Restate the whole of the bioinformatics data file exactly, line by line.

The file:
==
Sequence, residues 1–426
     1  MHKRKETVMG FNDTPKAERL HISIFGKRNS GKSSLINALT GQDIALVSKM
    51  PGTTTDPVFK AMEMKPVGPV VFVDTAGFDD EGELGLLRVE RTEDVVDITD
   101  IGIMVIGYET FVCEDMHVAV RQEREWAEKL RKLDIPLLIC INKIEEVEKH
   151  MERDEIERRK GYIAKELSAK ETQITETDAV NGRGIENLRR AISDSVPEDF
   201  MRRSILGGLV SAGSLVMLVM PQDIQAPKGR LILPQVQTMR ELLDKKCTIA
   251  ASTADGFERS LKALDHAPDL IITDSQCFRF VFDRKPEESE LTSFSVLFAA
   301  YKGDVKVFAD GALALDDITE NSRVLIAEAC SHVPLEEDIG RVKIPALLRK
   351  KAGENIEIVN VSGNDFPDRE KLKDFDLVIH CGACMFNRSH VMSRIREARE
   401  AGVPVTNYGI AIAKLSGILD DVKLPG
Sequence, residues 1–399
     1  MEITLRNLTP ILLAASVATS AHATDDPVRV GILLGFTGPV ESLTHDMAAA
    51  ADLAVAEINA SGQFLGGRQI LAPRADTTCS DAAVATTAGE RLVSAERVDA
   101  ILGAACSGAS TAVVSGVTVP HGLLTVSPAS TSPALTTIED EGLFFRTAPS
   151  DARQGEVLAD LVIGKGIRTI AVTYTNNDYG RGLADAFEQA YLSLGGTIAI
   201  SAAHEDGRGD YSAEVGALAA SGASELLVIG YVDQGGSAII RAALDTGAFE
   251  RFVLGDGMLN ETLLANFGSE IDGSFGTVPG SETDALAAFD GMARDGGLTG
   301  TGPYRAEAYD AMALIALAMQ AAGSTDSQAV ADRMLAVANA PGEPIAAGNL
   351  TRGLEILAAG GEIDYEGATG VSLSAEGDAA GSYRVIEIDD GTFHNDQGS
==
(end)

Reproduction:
Sequence, residues 1–426
     1  MHKRKETVMG FNDTPKAERL HISIFGKRNS GKSSLINALT GQDIALVSKM
    51  PGTTTDPVFK AMEMKPVGPV VFVDTAGFDD EGELGLLRVE RTEDVVDITD
   101  IGIMVIGYET FVCEDMHVAV RQEREWAEKL RKLDIPLLIC INKIEEVEKH
   151  MERDEIERRK GYIAKELSAK ETQITETDAV NGRGIENLRR AISDSVPEDF
   201  MRRSILGGLV SAGSLVMLVM PQDIQAPKGR LILPQVQTMR ELLDKKCTIA
   251  ASTADGFERS LKALDHAPDL IITDSQCFRF VFDRKPEESE LTSFSVLFAA
   301  YKGDVKVFAD GALALDDITE NSRVLIAEAC SHVPLEEDIG RVKIPALLRK
   351  KAGENIEIVN VSGNDFPDRE KLKDFDLVIH CGACMFNRSH VMSRIREARE
   401  AGVPVTNYGI AIAKLSGILD DVKLPG
Sequence, residues 1–399
     1  MEITLRNLTP ILLAASVATS AHATDDPVRV GILLGFTGPV ESLTHDMAAA
    51  ADLAVAEINA SGQFLGGRQI LAPRADTTCS DAAVATTAGE RLVSAERVDA
   101  ILGAACSGAS TAVVSGVTVP HGLLTVSPAS TSPALTTIED EGLFFRTAPS
   151  DARQGEVLAD LVIGKGIRTI AVTYTNNDYG RGLADAFEQA YLSLGGTIAI
   201  SAAHEDGRGD YSAEVGALAA SGASELLVIG YVDQGGSAII RAALDTGAFE
   251  RFVLGDGMLN ETLLANFGSE IDGSFGTVPG SETDALAAFD GMARDGGLTG
   301  TGPYRAEAYD AMALIALAMQ AAGSTDSQAV ADRMLAVANA PGEPIAAGNL
   351  TRGLEILAAG GEIDYEGATG VSLSAEGDAA GSYRVIEIDD GTFHNDQGS